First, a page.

Roses fans began singing the tune in 1987 however it is thought to have its origins in slavery, and is credited to 19th century African-American freedman Wallace Willis.
In 2020, following the police killing of George Floyd in the United States and subsequent rise in the Black Lives Matter movement, the RFU withdrew ‘Swing Low, Sweet Chariot’ from its marketing and merchandising but chose not to ban the song.
Itoje, 27, has previously admitted that the song made him “uncomfortable” and he will no longer sing the anthem, but will leave others to make their own minds up on whether to join him or not.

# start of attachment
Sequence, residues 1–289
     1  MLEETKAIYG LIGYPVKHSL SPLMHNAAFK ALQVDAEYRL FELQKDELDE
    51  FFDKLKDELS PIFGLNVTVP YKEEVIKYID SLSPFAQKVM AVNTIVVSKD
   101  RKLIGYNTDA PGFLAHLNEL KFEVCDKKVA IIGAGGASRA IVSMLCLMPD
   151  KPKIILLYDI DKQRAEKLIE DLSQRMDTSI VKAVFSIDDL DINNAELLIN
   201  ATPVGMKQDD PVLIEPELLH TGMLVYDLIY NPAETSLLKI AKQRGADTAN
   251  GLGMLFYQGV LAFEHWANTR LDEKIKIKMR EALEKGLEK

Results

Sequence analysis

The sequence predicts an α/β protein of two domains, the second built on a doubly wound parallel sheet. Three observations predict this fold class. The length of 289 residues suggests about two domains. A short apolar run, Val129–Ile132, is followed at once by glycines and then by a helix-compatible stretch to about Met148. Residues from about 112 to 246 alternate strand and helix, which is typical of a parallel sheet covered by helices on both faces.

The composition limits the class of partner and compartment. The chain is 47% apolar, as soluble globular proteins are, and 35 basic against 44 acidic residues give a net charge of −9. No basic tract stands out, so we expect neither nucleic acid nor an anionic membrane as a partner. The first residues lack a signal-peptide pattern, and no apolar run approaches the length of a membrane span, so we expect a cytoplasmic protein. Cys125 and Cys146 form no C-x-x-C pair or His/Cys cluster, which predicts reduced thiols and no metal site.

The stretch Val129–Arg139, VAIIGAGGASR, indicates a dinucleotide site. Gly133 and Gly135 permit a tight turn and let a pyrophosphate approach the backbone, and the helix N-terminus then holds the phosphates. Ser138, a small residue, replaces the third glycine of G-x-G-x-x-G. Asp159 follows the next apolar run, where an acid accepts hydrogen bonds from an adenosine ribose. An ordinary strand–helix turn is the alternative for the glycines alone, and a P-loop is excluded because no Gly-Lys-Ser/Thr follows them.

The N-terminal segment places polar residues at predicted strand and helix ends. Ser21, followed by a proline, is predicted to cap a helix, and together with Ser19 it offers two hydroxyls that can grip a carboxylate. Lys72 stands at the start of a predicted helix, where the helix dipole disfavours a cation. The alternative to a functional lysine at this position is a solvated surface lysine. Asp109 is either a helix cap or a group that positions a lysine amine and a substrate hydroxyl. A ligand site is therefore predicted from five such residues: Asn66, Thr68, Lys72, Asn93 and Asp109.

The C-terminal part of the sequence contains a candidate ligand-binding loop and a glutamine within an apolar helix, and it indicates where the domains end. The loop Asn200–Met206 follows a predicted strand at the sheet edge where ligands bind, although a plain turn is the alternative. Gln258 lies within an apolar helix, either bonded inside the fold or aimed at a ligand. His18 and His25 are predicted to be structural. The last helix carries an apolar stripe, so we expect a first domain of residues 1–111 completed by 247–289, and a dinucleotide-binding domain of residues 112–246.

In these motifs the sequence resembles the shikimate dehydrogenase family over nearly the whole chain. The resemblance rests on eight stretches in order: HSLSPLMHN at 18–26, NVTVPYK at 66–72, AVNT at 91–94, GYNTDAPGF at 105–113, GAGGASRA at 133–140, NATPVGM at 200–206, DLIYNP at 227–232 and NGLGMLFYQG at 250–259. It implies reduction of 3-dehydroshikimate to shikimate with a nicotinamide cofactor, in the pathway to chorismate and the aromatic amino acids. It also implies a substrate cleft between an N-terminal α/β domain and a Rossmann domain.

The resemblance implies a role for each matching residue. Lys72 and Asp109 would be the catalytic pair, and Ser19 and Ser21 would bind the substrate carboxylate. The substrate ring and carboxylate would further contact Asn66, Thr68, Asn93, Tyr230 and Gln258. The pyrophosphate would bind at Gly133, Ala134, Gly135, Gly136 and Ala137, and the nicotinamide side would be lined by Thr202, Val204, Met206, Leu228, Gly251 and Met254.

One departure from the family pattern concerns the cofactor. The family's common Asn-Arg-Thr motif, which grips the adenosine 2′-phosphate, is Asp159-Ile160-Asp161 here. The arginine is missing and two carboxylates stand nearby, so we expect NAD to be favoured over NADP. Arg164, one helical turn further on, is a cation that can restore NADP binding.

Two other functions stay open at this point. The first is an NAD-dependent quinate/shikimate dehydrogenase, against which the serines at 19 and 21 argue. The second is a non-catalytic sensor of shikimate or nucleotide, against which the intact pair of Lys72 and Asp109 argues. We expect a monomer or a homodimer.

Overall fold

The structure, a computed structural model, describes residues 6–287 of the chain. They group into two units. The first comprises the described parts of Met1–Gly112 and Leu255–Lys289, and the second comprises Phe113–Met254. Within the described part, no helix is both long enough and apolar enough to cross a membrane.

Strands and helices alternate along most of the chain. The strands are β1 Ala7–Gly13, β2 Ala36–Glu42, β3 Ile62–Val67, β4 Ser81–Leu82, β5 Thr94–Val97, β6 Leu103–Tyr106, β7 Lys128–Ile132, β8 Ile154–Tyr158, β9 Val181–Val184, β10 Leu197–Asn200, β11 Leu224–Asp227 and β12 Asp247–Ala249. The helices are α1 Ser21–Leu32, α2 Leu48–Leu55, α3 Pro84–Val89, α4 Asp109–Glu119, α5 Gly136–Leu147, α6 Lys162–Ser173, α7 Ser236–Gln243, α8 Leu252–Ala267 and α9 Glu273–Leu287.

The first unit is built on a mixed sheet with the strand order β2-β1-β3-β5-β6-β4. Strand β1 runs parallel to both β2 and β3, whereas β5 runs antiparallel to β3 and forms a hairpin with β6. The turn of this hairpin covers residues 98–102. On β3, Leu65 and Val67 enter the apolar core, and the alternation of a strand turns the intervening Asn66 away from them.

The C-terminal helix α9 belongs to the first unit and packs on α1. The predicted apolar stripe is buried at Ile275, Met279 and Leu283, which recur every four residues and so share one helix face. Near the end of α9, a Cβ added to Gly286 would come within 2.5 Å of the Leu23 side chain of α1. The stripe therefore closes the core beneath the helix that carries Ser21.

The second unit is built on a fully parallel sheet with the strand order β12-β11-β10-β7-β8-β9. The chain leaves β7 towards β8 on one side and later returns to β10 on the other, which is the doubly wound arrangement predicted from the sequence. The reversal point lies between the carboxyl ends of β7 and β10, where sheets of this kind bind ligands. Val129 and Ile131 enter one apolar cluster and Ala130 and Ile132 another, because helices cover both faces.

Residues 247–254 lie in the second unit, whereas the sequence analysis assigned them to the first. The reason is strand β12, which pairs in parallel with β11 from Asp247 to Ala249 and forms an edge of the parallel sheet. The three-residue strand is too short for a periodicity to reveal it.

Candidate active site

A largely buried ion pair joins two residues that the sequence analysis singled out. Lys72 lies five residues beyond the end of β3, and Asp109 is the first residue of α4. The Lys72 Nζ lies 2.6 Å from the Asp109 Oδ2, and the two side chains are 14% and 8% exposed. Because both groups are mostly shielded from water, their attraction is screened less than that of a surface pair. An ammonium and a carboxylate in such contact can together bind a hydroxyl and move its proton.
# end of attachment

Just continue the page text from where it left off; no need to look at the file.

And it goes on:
“I'm not going to tell people what they should or shouldn't do but, personally, I won't sing this song again,” Itoje told L'Equipe amid the two-year anniversary of Floyd’s death.
“I sang it before when I was naive and didn't know its origins but, now knowing the context in the creation of Swing Low, Sweet Chariot, it's not an anthem that I'm going to repeat any more.”
Former England player Maggie Alphonsi told Sky News in 2020 of her unease with the song.
She said: “It’s not my place to tell people to stop singing it, because you have to educate people and let them make that decision.
“The song does not sit easy with me when I hear it, because I now know the connections with it. But I also know that people singing it today are not singing it to offend.”